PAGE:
When I was very young, other kids called me a klutz. I was always breaking things — plates, cameras, chickens. It seemed inevitable that whatever I picked up, I would end up dropping, cracking, or otherwise mixing up. Not exactly the most inspiring talent a young man ever had, I know. However, I generally tried to do my best despite it.
Just like I did this day. Still thinking about the strange package, I filled a pot with water. Next I got out a few packs of instant ramen noodles. I set them down, looking at the stove. It was a fancy gas one with real flames. My foster mother Joan wouldn't settle for electric.
Sometimes it was daunting, knowing how easily I could break things. This one simple curse seemed to dominate my entire life. Perhaps I shouldn't have tried to fix dinner. Perhaps I should simply have retreated to my room. But what was I to do? Stay there all the time? Never go out because I was worried about the things I might break? Of course not.
I reached out and turned on the gas burner.
And, of course, the flames immediately flared up around the sides of the pan, far higher than should have been possible. I quickly tried to turn down the flames, but the knob broke off in my hand. I tried to grab the pot and take it off of the stove. But, of course, the handle broke off. I stared at the broken handle for a moment, then looked up at the flames. They flickered, catching the drapes on fire. The fire gleefully began to devour the cloth.
Well, so much for that, I thought with a sigh, tossing the broken handle over my shoulder. I left the fire burning — once again, I feel I must remind you that I'm not a very nice person — and picked up my strange package as I walked out into the den.
There, I pulled out the brown wrapper, flattening it against the table with one hand and looking at the stamps. One had a picture of a woman wearing flight goggles, with an old-fashioned airplane in the background behind her. All of the stamps looked old — perhaps as old as I was. I turned on the computer and checked a database of stamp issue dates and found that I was right. They had been printed thirteen years ago.
Someone had taken quite a bit of effort to make it seem like my present had been packaged, addressed, and stamped over a decade earlier. That, however, was ridiculous. How would the sender have known where I'd be living? During the last thirteen years, I'd gone through dozens of sets of foster parents. Besides, my experience has been that the number of stamps it takes to send a package increases without warning or pattern. (The postage people are, I'm convinced, quite sadistic in that regard.) There was no way someone could have known, thirteen years ago, how much postage it would cost to send a package in my day.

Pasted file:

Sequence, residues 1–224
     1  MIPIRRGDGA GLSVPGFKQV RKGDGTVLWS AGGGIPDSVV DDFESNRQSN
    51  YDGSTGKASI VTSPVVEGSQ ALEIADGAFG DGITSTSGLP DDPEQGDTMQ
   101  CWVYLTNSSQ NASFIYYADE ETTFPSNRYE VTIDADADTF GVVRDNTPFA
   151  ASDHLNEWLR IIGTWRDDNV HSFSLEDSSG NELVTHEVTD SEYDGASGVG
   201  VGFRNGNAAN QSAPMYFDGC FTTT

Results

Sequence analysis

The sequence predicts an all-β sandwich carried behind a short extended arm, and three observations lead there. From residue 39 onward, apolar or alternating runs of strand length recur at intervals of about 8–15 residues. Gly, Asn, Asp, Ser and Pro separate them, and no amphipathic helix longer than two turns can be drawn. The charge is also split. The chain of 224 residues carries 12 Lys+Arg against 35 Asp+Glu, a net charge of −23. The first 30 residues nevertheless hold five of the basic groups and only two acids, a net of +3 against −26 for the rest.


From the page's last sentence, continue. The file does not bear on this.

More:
I shook my head, standing up and tossing the M key from the computer keyboard into the trash. I'd stopped trying to stick the keys back on — they always fell off again anyway, I got the fire extinguisher from the hall closet, then walked back into the kitchen, which was now quite thoroughly billowing with smoke. I put the box and extinguisher on the table, then picked up a broom, holding my breath as I calmly knocked the tattered remnants of the drapes into the sink. I turned on the water, then finally used the extinguisher to blast the burning wallpaper and cabinets, also putting out the stove.
The smoke alarm didn't go off, of course. You see, I'd broken that previously. All I'd needed to do was rest my hand against its case for a second, and it had fallen apart.
I didn't open a window but did have the presence of mind to get a pair of pliers and twist the stove's gas valve off. The I glanced at the curtains, a smoldering ashen lump in the sink.
Well, that's it, I thought, a bit frustrated. Joan and Roy will never continue to put up with me after this.
Perhaps you think I should have felt ashamed. But what was I supposed to do? Like I said — I couldn't just hid in my room all the time. Was I to avoid living just because life was a little different for me than it was for regular people? No. I had learned to deal with my strange curse. I figured that others would simply have to do so as well.
I heard a car in the driveway. Finally realizing that the kitchen was still rank with smoke, I opened the window and began using a towel to fan it out. My foster mother — Joan — rushed into the kitchen a moment later. She stood, horrified, looking at the fire damage.
I tossed aside the towel and left without a word, going up to my room.
"That boy is a disaster!"